Have you ever found yourself in a situation where there was a mental disconnect from the person/people you were trying to communicate with? I have and it's disconcerting and discouraging. Especially when sharing the Gospel. I have heard countless stories of good, intelligent Christian men and women being discouraged when they attempt to share the gospel. They try and try, but the result is not much different than my experience with the flight attendant. Their words fail them and their audience is totally disconnected from the message they were attempting to share.

Over the next several postings I am going to explain one of Satan's tactics in this age of information. It's a tactic that creates confusion and often a disconnect between Christians and non-Christians. What is this tactic? It's the changing of definitions. Stay tuned.

If I Could Ask God Anything by Kathryn Slattery

As a former curious kid and a father of four inquisitive daughters I elected for a change of pace and chose to review a book geared for children and Kathryn Slattery's If I Could Ask God Anything caught my attention. The 200+ page book is divided into major sections (e.g. Questions about God, The Bible, Jesus, etc.), and in this way it reminded of a kid's version of a survey of Christian doctrine. Questions usually averaged about a one page answer (some more, some less) and were written on about a 3rd-4th grade reading level. I found the book to be fairly thorough and informative.

Now for the negatives. I rarely expect any author to be in exact agreement with me on all things, but this book fell short in some areas. I had some doctrinal concerns, especially with the questions concerning salvation and baptism. I also felt that at times the author interjected opinion over scripture, especially in the section concerning guardian angels. Overall , I think the book is a good reference for parents to use with their children, but I would be wary of handing it to my child without me there to help explain. Besides, it's kind of hard to beat the ultimate answer book, The Bible.

Monday, April 5, 2010

Road Trip!

Road Trips.

As a kid I loved them. The highlight of the year was piling into the car for a 26-hour drive to Nebraska. Along the way we played games, read books, tried to sleep and found unique ways to get on each other's nerves. It was the perfect formula for building memorable moments that are told and re-told for years.

Memories like the time my sister (about 5 years my junior) was three years old and a common, ordinary housefly decided to stow-away on the trip. as we entered about the seventeenth hour of the drive (about 3am) my father, hopped up on about every form of caffeine you can ingest is struggling to keep his weary eyes on the road. Mom and myself have drifted off to sleep. And then my sister discovers the fly. To the average person a fly is nothing to fear. A nuisance? Yes. Worthy of being on the business end of a rolled up newspaper? Absolutely! But something to be terrified of? No, unless you are a three-year old. To a three-year-old a common housefly is as fearsome as a fire-breathing dragon. Needless to say, when this unsuspecting fly alighted upon my sister, an ear-piercing scream of terror pierced the quiet atmosphere of the car. Mom jolted awake and I found my self clinging to the headliner. My father, nerves frayed from sleep deprivation, fought to keep the car on the road.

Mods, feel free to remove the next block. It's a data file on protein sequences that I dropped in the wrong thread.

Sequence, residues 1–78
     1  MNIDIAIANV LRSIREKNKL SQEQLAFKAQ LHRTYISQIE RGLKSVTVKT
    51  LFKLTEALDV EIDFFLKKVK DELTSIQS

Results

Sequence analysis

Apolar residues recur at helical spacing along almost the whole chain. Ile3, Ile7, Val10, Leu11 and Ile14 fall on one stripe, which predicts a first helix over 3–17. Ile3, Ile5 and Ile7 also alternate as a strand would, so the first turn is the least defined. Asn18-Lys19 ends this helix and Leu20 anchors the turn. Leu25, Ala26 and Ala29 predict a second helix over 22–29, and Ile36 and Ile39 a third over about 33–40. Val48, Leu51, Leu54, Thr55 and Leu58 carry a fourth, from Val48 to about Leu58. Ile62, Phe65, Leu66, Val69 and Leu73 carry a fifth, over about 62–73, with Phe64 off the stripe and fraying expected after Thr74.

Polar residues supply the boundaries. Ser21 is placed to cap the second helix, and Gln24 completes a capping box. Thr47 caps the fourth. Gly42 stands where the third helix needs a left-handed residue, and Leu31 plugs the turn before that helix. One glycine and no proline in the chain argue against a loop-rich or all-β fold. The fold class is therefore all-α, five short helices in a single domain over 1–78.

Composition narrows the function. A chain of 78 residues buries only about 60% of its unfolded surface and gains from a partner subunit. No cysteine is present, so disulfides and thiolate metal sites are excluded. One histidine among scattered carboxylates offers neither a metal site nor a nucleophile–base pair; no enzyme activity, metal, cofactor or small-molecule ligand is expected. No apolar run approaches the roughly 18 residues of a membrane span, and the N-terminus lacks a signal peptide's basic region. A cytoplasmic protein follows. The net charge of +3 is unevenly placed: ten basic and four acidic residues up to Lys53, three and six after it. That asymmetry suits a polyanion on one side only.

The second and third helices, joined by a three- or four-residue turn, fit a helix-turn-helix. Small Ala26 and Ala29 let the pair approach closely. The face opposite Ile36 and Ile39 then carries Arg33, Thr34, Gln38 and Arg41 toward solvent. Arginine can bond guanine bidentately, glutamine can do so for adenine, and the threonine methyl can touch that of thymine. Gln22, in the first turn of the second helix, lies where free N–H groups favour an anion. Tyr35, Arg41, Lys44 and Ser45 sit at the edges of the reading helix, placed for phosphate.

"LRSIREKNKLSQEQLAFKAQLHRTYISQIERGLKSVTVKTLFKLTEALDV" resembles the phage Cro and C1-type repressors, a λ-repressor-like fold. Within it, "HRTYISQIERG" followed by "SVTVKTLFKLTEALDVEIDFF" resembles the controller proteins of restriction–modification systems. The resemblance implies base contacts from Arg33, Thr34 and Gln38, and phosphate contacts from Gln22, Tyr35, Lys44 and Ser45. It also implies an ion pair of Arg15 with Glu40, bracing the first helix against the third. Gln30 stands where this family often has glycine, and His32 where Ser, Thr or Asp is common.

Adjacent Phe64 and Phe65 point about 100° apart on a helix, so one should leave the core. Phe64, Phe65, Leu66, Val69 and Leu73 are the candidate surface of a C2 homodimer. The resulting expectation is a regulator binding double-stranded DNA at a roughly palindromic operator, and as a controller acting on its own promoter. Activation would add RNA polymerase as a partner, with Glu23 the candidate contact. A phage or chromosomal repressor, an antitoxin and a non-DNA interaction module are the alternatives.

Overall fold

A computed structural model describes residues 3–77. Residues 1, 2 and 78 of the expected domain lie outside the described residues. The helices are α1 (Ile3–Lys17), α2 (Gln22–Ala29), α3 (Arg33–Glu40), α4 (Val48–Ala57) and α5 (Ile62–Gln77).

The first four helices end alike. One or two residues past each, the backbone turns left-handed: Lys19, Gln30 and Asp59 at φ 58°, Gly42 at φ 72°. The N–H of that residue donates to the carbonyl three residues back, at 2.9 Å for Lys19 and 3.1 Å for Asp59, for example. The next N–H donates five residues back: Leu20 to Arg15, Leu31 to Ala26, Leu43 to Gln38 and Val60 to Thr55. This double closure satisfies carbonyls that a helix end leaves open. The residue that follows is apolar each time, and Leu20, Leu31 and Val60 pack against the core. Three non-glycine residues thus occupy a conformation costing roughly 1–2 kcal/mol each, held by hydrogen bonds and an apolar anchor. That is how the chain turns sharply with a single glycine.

What ensued was a confused conversation that took the form of the following:

Dad: "What was that?!?"

Mom and I: "Angie screamed."

Dad: "Dave, what did you do?!?"

Me: "I don't know. I was asleep."

Dad: "Well, don't do it again!"

Me: "What? Sleep or make her scream?"

As you can tell, I was less than helpful. As for the winged culprit? He had disappeared for the moment. Ten minutes later, we get a repeat performance that would have made a B-Movie queen proud. This ensued for several rounds until we finally discovered the source of the commotion and rolled down the window to set the captive free.

What memories are you making for your family? Currently, I am in the van headed to Kentucky with 4 excited children, and they are laughing and playing and singing, and I have discovered that I still love road trips.

Friday, April 2, 2010

The Revolutionary Paul Revere by Joel J. Miller

Woven into to the tapestry of American history is the familiar image of a man riding through the New England night crying out, "The redcoats are coming! The redcoats are coming!" on the eve of the battles of Lexington and Concord. What Joel Miller does is he takes that two-dimensional picture and adds depth and life to a man who should be known for so much more than one historic night. Starting with the journey of his indentured servant father, Miller spins a yarn that takes us through Paul's apprenticeship, his famous ride and so much more. Along the way Paul masters his craft, serves in the military during the French and Indian War, and socializes with the likes of Sam Adams and John Hancock. He joins secret societies like the Masons and the Sons of Liberty, which thrusts him into the role of chronicler of the Boston Massacre and partaker in the Boston Tea Party. Eventually, Paul ends up being the official messenger between the Sons of Liberty and the Continental Congress, which lands him the historic role of being the harbinger of battle.

But the story doesn't end there. Paul again serves his country through military service. What is most remarkable is that after independence is won is that Paul personifies America's entrepreneurial spirit. From silversmith to dentist to forger to bell-maker, Paul takes advantage of his new found liberty to build a successful business and uses his abilities to help his new country and when the war of 1812 breaks out, 80 year old Paul volunteers his services once again for the cause of Liberty.

As a lover of history I quickly devoured this book. Written in a narrative style it was easy to read while being well-documented. I fully recommend this book to anyone curious about one of America's early heroes. In doing so you will learn of a man who sought to serve his country no matter what his age, social status or financial situation. May we be so patriotic.